INGULFED

(Notes for the Abu Dhabi Bar Mitzvah)

Archive for photography

Rocks and a Canon — الصخور في كانون

Afghanistan: Part Five

[This story has been submitted elsewhere and cannot ethically be published here. Until we can give up on “ethics”, I offer only a poor abridgment below. In order to read the full story complete with Bamiyan political history and portraits of kids: send an email to INGULFED at GMAIL dot COM with a sentence including the words “Rebel”, “aperture”, and “iPhone”.]

My guide had looked at me like I was crazy to walk around on the streets of crepuscular Bamiyan for no reason. Not because it was dangerous, just because… why? I was hoping to take some pictures of people — and I got everything I was hoping for. A dozen children ran and played and strangled each other (quasi-jokingly) and when they refused my offer to photograph them, I gave them my Canon Digiital Rebel XT — certainly the first time any of them had held a camera of any kind. It was their weapon. The tides turned.

The following link is the 97 pictures they took. (View as an automatic slideshow or just click through — these pictures span 5:57—6:07 p.m. on June 12, 2011.)

Pictures, here!

The camera was left on Aperature Priority, so that when they turned a particular dial they underexposed the pictures almost completely to black. Many of them still had information that could be recovered by squeezing the RGB levels. These ones look pretty darn cool. I’m almost positive that’s what the kids had intended.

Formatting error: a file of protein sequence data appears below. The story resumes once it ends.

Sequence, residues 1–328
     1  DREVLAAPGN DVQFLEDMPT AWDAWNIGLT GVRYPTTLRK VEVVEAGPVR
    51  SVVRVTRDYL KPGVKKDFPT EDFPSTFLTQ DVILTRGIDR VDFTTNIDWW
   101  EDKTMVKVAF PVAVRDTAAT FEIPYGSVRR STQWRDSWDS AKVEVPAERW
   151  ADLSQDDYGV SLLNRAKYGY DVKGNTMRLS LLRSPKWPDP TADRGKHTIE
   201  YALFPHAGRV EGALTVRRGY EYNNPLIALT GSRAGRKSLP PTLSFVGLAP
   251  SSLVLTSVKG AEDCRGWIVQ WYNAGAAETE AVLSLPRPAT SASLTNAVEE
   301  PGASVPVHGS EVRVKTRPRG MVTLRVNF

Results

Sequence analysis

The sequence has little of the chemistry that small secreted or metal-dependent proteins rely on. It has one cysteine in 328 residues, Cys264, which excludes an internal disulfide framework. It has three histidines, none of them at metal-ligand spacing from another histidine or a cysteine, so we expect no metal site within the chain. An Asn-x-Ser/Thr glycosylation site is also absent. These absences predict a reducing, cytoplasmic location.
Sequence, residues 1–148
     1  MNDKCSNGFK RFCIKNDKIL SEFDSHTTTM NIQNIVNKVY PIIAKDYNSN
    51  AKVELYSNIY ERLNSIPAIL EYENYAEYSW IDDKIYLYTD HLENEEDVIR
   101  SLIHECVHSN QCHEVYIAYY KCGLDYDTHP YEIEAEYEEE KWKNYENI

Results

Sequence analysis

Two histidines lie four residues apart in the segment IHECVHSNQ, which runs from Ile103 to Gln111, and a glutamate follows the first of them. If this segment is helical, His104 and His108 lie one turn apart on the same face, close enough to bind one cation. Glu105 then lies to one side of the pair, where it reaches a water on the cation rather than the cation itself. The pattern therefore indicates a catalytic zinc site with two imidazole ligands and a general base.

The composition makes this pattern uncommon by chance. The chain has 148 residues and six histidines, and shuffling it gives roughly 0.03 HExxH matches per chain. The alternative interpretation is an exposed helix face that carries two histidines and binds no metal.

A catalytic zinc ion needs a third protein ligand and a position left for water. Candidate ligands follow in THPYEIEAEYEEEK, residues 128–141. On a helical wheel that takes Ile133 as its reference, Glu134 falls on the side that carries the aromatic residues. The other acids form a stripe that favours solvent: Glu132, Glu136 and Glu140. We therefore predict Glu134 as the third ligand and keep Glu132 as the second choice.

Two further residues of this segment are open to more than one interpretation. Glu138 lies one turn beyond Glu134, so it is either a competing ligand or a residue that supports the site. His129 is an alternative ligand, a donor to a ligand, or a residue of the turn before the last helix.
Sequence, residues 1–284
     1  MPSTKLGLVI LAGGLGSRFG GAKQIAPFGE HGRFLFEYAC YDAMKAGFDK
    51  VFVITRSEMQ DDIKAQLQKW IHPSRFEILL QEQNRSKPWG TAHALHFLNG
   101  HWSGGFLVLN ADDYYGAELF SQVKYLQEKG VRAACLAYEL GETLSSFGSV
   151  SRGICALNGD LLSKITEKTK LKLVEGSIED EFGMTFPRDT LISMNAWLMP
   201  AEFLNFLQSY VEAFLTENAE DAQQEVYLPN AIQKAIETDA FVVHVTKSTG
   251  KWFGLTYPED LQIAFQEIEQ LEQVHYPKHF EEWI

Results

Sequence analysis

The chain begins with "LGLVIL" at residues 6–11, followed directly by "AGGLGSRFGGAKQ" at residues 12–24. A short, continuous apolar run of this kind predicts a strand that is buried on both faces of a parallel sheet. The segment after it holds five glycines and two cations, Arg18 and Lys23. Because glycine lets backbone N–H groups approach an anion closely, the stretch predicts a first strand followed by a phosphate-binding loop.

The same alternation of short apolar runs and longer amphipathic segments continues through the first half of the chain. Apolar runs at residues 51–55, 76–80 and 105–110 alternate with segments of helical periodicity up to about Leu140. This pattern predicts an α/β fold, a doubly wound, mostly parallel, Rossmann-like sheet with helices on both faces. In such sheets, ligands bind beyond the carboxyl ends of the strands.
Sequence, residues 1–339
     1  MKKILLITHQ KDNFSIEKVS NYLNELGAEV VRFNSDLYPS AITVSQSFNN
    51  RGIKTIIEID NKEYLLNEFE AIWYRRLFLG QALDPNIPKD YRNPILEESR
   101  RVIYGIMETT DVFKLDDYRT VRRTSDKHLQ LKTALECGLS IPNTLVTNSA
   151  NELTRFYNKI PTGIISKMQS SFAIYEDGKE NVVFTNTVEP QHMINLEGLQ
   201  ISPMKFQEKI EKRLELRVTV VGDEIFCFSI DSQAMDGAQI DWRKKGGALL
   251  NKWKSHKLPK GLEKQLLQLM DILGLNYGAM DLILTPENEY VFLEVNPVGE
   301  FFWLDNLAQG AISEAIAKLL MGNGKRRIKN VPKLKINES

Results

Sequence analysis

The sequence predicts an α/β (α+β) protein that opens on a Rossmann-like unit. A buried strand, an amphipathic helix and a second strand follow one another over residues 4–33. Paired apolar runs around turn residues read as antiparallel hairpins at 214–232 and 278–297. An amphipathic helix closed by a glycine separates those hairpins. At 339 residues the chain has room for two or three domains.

Below, and at this link, is the video of their exploits, filmed with a concealed iPhone on Sar-e-Aasyab Street in Bamiyan, Afghanistan.

This photo and the following were taken by the children.


See all the photos from Afghanistan here, including more of the photographers themselves.

(Non)essential — غير) الاساسي)

The day after the United States began to evacuate “non-essential” staff from its Embassy in Damascus, I too bought a ticket out of Syria. Except to use that ticket I’d first have to fly in the other direction — I wasn’t even there yet.

I spoke to my parents from the 3:00 am bus leaving Abu Dhabi for an airport three hours away in the north of the UAE. “Do you hear the birds?” they asked. It was May in the suburbs. “Do you hear the air conditioning?” I asked back. While the next week never ceased to the vacation I needed it to be, it felt at first and at moments like a sprint towards a fire. I flew to the Levant to thaw from the sterility of the Emirates. Sure, fire can burn, but it warms until the bite.

So there I was, heading to the places my mother had never wanted me to go, at the times when the world said it was worst to go to them. And it was two days before Mothers’ Day.

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